(Photo courtesy of CyDeploy)
CyDeploy is using artificial intelligence and machine learning to create a cloud-based replica of a company’s systems. This can be used to test cybersecurity updates to IT systems and Internet of Things devices, like a Google Home or health and medical devices like a pacemaker.
Cybersecurity is continuing to rise in the public conscious. Recently, the metro area has seen high-profile incidents against key systems, like the 2019 ransomware attack against the City of Baltimore, or more recently the November 2020 cyber attack that stopped online learning in Baltimore County Public Schools for a day.
“In the newspapers, a lot of times it can sound like there’s these savvy adversaries that are coming up with genius hacks to compromise a system, when in reality it’s because the organizations weren’t making certain security updates, configuration or design choices in the beginning that could have been pretty simple,” said Tina Williams-Koroma, founder of CyDeploy and University of Maryland, Baltimore County (UMBC) alum.
Williams-Koroma is also the founder of TCecure, a Harbor East-based cybersecurity risk management company. It was through that company’s work that she often heard the question, “What will break if I make this security change?” The question didn’t have any easy answer, and it made clients avoid making security updates.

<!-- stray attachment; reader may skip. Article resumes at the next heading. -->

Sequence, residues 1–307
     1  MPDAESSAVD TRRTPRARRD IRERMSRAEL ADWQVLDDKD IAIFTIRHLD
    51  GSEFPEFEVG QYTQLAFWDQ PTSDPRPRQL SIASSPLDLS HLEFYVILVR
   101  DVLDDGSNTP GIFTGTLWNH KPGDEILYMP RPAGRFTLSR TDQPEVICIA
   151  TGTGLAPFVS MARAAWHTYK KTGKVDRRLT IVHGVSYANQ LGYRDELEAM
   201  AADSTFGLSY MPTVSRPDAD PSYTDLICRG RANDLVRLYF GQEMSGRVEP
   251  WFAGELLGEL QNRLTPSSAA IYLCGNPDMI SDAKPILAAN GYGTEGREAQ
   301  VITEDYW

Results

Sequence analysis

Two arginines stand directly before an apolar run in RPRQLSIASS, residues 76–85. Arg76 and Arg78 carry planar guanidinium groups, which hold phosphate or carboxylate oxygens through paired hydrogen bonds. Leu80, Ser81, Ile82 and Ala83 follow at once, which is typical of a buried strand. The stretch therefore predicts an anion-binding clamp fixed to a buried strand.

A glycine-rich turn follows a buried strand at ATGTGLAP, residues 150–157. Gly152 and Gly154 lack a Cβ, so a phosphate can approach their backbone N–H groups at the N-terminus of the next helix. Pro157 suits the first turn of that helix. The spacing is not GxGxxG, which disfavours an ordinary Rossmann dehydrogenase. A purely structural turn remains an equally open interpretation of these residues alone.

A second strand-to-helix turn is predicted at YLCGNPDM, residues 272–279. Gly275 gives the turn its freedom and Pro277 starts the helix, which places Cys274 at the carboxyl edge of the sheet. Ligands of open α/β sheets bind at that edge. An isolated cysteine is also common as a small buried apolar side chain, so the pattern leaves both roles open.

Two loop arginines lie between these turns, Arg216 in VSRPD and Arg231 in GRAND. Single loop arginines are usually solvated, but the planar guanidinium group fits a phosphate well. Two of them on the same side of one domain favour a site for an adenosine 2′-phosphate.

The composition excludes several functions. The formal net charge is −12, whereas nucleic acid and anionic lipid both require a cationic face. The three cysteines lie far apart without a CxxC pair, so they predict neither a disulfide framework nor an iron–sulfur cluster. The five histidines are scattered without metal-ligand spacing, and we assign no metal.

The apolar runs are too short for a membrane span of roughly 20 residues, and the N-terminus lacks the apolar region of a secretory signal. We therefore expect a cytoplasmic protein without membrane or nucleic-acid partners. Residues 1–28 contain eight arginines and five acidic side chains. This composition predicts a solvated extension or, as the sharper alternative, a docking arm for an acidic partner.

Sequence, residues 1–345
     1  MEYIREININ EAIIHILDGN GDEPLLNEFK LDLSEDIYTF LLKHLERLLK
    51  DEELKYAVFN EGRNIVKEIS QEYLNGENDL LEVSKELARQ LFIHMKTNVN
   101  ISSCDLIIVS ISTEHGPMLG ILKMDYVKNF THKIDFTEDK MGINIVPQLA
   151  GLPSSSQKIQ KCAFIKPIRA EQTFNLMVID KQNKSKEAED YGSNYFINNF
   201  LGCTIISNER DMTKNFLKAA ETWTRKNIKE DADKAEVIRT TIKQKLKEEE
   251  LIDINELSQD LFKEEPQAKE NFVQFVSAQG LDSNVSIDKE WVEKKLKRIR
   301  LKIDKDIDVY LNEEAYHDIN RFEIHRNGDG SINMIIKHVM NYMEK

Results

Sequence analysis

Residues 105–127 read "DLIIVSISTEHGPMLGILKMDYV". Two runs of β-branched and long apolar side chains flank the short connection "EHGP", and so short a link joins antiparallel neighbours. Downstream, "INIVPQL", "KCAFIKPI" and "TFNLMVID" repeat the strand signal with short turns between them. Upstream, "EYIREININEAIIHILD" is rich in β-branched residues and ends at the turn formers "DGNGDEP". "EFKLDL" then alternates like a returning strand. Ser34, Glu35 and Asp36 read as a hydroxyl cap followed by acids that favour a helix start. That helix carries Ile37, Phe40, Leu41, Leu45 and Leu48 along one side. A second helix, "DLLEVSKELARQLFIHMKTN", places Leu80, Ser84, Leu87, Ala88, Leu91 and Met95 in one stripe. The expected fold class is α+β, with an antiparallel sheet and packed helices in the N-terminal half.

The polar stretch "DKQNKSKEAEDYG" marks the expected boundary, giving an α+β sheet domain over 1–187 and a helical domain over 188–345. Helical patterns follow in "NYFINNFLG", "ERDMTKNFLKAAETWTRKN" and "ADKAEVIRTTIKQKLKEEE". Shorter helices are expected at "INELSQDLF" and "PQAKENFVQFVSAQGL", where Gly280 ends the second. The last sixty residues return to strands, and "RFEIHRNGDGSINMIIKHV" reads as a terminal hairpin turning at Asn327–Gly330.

In 2019, CyDeploy was born to be that easy answer. In 2020, Williams-Koroma had worked out the paper prototype. Now, in 2021, she is planning to start piloting the product, and is looking for enterprises and management systems to test it.
Williams-Koroma’s five-year plan for the company estimates a need of about $1.5 million to stay on the development and commercialization track. The $90,000 grant from the MIPS program will enable the company to do the functional work at UMBC and create a prototype is a first step along that path.
“Being able to explain the business case and the market,” said Willams-Koroma about what set her company apart and got her the grant. MIPS, she said, is “looking at not only, is this a cool idea and cool tech, but is it something that will ultimately result in new jobs being created in Maryland. New jobs and a successful company also means additional tax money coming into the state.”
Williams-Koroma is working with Anupam Joshi, a professor and the chair of computer science and electrical engineering at UMBC, to bring the novel cybersecurity tool to life. Management service providers to small businesses and large enterprises can reach out by email to Williams-Koroma at firstname.lastname@example.org to be a part of the pilot.
Donte Kirby is a 2020-2021 corps member for Report for America, an initiative of The Groundtruth Project that pairs young journalists with local newsrooms. This position is supported by the Robert W. Deutsch Foundation.
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